1. The ecotone between different ecosystems. In this case, the ecosystem has to be regarded as a whole, comparing all abiotic factors and populations of all organisms present. We have thus to begin with the classification of complete ecosystems on the given area or region under study. To work out such a classification is in reality extremely difficult and this is why the most projects of complex ecosystemic ecotone studies get restricted by choosing a definite biotic component as the main one. It is quite regularly the vegetation of vascular plants. The whole approach is changed, however, by this step, so that the following has to be said.
  2. The ecotone between different communities of a particular group of organisms under specific ecological conditions. Such conditions may involve the abiotic factors as well as the presence and functions of other groups of organisms. The classification of communities (and the identification of those between which we are looking for the ecotone) can be mostly achieved without particular difficulties. This approach requires that the ecotone is situated between two communities of specific organisms. Therefore it is possible to identify the ecotone at a particular locality for one group of organisms, but not necessarily so for another one.
One of the contemporary ecotone definitions was presented in connection with the 'Ecotones' project of SCOPE by Hansen et al. (1988): 'Ecotone is the zone of transition between adjacent ecological systems, having a set of characteristics uniquely defined by space and time scales and by the strength of the interactions between adjacent ecological systems.'
Studying a specific case (space structure of an ecosystem or a community), it is probably this definition will not content a necessary criterion of resolving (the ecotone is or is not here). This is the reason why the following definition is proposed: 'Ecotone is the transition zone between adjacent ecological systems (communities of particular organisms or other space-structural units above the level of the SGS) establishing a more considerable gradient of the community change in comparison with the gradient of environment or with the topographical gradient.' If we apply the second approach (mentioned above), under term 'environment' is embranced the abiotic factors as well as the biotic surrounding of studying community (the other taxocoenoses).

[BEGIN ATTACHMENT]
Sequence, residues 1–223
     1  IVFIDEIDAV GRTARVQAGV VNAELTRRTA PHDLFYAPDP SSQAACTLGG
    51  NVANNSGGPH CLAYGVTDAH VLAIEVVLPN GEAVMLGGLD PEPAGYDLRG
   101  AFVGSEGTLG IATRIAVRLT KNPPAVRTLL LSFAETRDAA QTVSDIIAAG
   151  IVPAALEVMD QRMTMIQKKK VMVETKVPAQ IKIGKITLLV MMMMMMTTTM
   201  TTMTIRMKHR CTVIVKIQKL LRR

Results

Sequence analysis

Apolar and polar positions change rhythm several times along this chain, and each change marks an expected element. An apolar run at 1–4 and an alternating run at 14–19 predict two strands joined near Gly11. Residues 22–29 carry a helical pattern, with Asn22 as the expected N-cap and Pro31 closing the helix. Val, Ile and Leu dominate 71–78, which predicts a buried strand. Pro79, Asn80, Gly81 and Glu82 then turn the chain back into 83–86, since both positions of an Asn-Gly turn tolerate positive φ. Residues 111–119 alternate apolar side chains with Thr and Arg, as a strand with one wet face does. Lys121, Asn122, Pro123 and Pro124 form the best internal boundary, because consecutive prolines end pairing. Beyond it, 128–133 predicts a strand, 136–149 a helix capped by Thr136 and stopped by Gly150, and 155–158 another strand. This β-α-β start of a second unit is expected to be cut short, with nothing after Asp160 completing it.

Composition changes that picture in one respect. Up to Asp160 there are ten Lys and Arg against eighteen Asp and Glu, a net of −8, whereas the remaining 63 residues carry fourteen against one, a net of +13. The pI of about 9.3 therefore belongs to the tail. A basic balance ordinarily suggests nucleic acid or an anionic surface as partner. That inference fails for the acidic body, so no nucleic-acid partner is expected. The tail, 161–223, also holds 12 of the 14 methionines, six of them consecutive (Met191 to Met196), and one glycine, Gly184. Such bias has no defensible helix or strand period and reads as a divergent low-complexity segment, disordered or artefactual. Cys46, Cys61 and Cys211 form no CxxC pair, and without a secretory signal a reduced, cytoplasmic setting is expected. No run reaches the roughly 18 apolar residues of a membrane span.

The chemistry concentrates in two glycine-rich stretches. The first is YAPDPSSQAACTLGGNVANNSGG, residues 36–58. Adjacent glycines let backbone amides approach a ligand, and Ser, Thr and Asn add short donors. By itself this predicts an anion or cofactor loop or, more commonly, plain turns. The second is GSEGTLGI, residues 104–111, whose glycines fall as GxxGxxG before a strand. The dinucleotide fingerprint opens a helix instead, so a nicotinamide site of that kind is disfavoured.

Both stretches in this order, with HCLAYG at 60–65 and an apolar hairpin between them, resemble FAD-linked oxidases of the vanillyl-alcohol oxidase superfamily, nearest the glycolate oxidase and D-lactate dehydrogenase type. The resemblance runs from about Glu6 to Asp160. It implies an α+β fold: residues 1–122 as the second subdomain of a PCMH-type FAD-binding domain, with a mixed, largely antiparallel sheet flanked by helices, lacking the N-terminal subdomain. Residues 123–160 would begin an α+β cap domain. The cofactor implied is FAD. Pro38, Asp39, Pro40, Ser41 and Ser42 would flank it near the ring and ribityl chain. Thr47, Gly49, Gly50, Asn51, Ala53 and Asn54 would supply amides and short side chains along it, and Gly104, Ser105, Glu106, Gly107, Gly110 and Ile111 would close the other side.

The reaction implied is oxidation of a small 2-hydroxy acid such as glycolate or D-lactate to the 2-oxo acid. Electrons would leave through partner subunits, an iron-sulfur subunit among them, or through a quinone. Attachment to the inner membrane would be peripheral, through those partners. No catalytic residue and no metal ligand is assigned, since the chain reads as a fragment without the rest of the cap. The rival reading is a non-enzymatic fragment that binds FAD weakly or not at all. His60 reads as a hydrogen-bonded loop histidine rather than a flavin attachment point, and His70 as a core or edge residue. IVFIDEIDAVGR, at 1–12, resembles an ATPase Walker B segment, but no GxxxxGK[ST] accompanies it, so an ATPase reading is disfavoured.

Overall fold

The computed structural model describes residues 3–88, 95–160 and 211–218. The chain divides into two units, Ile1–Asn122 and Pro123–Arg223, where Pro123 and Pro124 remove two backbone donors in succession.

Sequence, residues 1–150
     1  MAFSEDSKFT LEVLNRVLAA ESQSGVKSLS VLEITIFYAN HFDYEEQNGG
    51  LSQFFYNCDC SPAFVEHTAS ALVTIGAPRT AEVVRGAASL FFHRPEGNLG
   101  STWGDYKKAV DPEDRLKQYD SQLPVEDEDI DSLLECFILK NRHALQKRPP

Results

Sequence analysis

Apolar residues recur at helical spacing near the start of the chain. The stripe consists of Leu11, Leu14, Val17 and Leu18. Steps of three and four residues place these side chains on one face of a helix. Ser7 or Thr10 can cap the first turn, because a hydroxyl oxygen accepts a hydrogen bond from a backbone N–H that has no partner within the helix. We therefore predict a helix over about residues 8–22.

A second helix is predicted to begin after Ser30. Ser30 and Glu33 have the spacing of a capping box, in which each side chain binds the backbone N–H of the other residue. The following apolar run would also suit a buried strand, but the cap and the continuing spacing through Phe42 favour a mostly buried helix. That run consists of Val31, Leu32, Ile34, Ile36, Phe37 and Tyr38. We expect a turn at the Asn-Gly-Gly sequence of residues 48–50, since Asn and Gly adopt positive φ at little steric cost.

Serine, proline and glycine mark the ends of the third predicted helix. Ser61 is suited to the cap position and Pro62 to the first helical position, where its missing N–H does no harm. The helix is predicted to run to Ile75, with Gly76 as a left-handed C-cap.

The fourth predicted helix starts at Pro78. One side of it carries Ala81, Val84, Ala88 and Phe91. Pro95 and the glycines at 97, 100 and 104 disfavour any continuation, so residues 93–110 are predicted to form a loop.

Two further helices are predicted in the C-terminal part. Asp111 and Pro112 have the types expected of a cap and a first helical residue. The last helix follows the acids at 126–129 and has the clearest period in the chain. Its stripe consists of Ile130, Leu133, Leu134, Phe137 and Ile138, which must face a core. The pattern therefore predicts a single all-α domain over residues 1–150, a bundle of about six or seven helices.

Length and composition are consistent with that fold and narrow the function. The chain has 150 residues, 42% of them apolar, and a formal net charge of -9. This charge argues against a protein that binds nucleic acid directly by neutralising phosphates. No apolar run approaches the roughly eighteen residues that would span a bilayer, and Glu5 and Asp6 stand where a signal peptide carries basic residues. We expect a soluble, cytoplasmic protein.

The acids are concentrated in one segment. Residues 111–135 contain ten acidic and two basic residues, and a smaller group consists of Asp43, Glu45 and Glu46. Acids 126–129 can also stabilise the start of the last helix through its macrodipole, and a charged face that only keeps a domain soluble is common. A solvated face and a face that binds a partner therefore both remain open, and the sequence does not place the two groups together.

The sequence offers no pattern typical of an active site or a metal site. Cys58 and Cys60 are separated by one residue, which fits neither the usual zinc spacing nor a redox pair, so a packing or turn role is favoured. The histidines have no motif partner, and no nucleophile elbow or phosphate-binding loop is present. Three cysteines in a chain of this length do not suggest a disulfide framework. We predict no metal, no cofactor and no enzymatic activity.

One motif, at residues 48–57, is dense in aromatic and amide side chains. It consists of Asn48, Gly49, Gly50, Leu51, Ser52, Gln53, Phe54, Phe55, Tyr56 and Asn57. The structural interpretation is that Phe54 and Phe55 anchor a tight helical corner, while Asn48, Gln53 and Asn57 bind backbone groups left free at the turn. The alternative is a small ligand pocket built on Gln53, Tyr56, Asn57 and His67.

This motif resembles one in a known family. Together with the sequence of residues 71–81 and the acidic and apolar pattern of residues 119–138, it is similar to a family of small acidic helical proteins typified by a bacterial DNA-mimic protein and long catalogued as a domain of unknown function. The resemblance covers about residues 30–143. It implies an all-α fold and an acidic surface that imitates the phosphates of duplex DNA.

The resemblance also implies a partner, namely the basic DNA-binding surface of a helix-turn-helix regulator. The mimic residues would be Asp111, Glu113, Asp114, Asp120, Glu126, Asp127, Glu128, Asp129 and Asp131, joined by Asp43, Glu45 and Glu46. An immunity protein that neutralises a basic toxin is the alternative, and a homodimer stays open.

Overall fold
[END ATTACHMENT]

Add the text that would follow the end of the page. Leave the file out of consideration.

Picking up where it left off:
Another definition was attempted, e.g., by Z˘lyomi (1987): 'Ecotone is the transition between two, sometimes more, contrasting communities or habitats, for example, the forest margin between a stepe and a forest community. This zone is composed of a mixture of species from both communities and those occurring almost exclusively in this transitional part. The number of species and the density of some populations are often higher in the ecotone than in the neighbouring communities themselves.'
As it has been shown, there is whole system of definition of ecotones. The goals of a study and the means available are decisive for the choice of the suitable definition, but it has to be stated explicitly in advance. However, many important questions remain unsolved, such as, e.g., what is the possibility of an ecotone occurrence along environmental gradients with existing discontinuities. Or, how far is it possible to encompass the so-called 'Zono-ecotone' sensu Walter (1985), similarly also Oechel, Lawrence (1985) under the individual above given definitions. Climatically conditioned alternations of the vegetation and development of ecotones have been also observed in North America (Nielson, 1987). Further ecotonal effects, conditioned by other factors, are known from the margins of eucalyptus forests and tropical rain forest (Unwin et al., 1985). The description of a simple seashore ecotone and the detailed analysis of the environmental factors was presented by Mahal, Park (1976).